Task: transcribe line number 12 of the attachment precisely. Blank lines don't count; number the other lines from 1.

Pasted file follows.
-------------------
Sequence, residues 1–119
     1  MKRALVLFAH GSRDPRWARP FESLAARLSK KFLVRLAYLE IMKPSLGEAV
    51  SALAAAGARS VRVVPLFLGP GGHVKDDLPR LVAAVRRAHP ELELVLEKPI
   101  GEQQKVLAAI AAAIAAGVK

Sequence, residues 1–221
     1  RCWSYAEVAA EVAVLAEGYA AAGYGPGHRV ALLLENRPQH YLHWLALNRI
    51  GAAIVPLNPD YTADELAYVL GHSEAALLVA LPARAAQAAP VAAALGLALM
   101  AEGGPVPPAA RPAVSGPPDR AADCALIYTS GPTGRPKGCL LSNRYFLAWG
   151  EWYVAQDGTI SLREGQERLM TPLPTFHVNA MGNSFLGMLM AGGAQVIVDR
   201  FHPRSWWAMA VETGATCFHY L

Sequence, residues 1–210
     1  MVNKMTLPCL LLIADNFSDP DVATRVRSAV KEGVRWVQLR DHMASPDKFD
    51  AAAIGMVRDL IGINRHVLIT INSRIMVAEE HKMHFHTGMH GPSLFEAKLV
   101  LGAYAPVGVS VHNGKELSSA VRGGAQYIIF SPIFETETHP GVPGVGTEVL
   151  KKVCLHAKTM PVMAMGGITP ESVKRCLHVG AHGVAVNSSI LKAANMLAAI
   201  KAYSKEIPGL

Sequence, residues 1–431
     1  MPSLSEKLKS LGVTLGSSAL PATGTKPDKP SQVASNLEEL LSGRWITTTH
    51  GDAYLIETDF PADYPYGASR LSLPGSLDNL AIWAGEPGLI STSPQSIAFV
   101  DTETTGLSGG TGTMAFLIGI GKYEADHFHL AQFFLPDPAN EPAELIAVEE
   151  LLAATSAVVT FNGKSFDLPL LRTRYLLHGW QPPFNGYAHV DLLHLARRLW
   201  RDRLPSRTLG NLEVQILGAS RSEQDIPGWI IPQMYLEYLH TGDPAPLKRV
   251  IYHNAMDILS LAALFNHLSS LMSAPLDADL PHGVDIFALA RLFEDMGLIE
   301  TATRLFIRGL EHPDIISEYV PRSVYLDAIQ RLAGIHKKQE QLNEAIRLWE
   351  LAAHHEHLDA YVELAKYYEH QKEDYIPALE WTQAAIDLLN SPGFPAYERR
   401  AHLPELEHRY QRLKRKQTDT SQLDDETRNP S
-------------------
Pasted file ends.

     1  MVNKMTLPCL LLIADNFSDP DVATRVRSAV KEGVRWVQLR DHMASPDKFD